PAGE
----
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Clinical Chemistry and Laboratory Medicine (CCLM)

Published in Association with the European Federation of Clinical Chemistry and Laboratory Medicine (EFLM)

Editor-in-Chief: Plebani, Mario

Ed. by Gillery, Philippe / Lackner, Karl J. / Lippi, Giuseppe / Melichar, Bohuslav / Schlattmann, Peter / Tate, Jillian R. / Tsongalis, Gregory J.

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Within-subject biological variation of glucose and HbA1c in healthy persons and in type 1 diabetes patients

1, 2 / Per Hyltoft Petersen2 / Svein Skeie1, 2 / Øyvind Skadberg1 / Sverre Sandberg2

1Department of Medicine, Stavanger University Hospital, Stavanger, Norway

2Norwegian Center for Quality Improvement of Primary Care Laboratories (NOKLUS), Section for General Practice, Department of Public Health and Primary Health Care, University of Bergen, Bergen, Norway

Corresponding author: Siri Carlsen, Department of Medicine, Stavanger University Hospital, Pb 8100, 4068 Stavanger, Norway Phone: +47-95087620, Fax: +47-51519963

Citation Information: Clinical Chemistry and Laboratory Medicine. Volume 49, Issue 9, Pages 1501–1507, ISSN (Online) 1437-4331, ISSN (Print) 1434-6621, DOI: 10.1515/CCLM.2011.233, June 2011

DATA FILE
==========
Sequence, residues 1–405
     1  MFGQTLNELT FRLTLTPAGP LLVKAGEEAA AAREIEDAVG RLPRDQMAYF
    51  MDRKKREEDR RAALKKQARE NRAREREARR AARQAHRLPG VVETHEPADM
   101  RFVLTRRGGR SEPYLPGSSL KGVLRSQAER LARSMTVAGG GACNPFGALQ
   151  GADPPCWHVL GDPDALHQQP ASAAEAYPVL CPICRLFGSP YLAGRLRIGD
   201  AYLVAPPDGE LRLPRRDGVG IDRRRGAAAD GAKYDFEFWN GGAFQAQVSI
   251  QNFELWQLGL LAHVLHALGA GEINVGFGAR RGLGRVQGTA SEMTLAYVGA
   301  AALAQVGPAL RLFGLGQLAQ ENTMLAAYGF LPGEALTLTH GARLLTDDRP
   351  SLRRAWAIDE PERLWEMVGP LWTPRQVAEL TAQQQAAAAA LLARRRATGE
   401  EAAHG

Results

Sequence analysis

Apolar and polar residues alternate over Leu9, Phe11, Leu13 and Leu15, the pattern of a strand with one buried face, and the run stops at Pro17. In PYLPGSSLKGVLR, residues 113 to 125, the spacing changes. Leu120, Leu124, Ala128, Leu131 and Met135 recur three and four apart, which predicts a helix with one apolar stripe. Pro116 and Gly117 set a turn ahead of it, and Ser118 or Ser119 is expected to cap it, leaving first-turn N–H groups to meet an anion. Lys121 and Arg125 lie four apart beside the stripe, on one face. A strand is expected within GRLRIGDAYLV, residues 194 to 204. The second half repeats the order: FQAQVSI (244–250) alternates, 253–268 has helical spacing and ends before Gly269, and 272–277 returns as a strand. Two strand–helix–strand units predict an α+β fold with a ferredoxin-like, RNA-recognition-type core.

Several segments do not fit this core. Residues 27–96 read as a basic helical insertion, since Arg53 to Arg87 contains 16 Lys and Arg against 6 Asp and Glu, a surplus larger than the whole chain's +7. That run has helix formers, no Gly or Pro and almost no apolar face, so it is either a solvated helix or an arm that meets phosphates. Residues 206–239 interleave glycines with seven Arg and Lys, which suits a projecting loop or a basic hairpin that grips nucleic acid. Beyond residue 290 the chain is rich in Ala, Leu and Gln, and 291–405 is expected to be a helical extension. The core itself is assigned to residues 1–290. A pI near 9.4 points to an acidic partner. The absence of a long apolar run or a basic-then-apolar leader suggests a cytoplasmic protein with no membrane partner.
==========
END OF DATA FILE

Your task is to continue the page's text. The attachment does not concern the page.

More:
Publication History

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Background: Several articles describing within-subject biological variation of fasting glucose and HbA1c in healthy populations have been published, but information about biological variation of glucose and HbA1c in patients with type 1 diabetes is scarce. It is reasonable to assume that type 1 diabetics differ from their healthy counterparts in this matter. The aim of our study was to estimate the biological variation of glucose and HbA1c in healthy subjects and in patients with type 1 diabetes.

Methods: Fifteen healthy individuals and 15 type 1 diabetes patients were included. Biological variations were calculated based on blood samples collected weekly for 10 consecutive weeks from the healthy and the eligible of the type 1 diabetes patients.

Results: The within-subject variations of glucose were approximately 5% in healthy individuals and 30% in diabetes patients, and for HbA1c they were 1.2% in healthy individuals and 1.7% in diabetes patients.

Conclusions: In conclusion, we found a high within-subject biological variation of glucose in diabetes patients as expected compared to healthy individuals (30% vs. 5%). The short-term (2 months) within-subject biological variation of HbA1c did not differ significantly between well regulated type 1 diabetes patients and healthy individuals (1.7% vs. 1.2%).

Keywords: adult; diabetes mellitus type 1; glucose; HbA1c

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